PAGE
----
And the end, after you’ve put in so much time and energy, has an excellent chance of not meeting your expectations, and in many cases, just plain disappointing. There’s a ton of reasons for that of course, the primary one being that writing awesome finales is hard. Like brutally hard. Authors are vicious, emotionally conflicted monsters when they write, and unless they’re pumping out four shitty, cookie cutter books a year, they want their books to be award winning masterpieces from start to finish. But, unfortunately, that doesn’t mean they’re capable of doing just that.

Here are a few bits we dislike about endings, in no particular order except metaphysically.

It’s better to Burn Out than Fade Away: Chuck Wendig swears even more than Noggy, and that’s saying something, so when he talks about the third and major climax of the book needing to hit Holy Goatfucker Shitbomb! magnitude we tend to agree. Too many endings fall short by not exceeding what came before, ramping down instead of up. The last thing a reader wants to find when they’ve clawed their way to the top of Mount Doom is that the eagles got there first and those idiot hobbits could have retired to the Prancing Pony for ale and weed.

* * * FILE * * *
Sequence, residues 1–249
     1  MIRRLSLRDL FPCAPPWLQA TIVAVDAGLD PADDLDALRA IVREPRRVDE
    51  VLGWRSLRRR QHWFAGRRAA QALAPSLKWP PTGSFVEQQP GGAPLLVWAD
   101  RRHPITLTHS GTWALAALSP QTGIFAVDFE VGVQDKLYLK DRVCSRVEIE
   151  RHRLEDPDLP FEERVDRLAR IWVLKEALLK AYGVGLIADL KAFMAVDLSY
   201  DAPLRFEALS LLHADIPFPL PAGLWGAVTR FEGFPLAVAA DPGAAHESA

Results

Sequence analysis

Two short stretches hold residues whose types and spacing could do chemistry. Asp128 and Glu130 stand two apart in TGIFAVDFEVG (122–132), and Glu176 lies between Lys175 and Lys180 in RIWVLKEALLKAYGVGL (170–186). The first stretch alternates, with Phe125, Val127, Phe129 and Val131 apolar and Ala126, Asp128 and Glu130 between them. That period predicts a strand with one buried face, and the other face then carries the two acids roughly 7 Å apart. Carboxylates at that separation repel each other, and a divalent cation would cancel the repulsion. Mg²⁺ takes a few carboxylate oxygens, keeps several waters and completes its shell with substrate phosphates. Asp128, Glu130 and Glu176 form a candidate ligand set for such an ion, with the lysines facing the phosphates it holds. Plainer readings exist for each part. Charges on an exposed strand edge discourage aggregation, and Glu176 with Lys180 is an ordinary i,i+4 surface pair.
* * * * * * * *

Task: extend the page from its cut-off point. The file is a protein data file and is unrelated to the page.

John doesn’t Die in the End: You’ve set the stakes high. The moment arrives where everything is on the line and you pull the punch right before it lands, striking a glancing blow or missing all together. On purpose. WHY? A poet-musician has to die, or at least be brutally maimed, or your reader is going to break the spine and use the pages to line their neurotic parrot cage. If your book says Poet John has to die, you better bloody well kill the bastard.

Too much of a Known Thing: Noggy and Lola step out for ice cream. One thing leads to another and they’re racing down the blacktop, police cars and angry spouses and various aggrieved parties hot on their trail, a famous yet poor life choice thriller writer bouncing around in their trunk. And then? Off the preverbal cliff, nose diving two thousand feet into the bottom of the Grand Canyon. The end of the road, both figuratively and literally. Everyone suspected it would end that way, hopefully with some inspired screaming.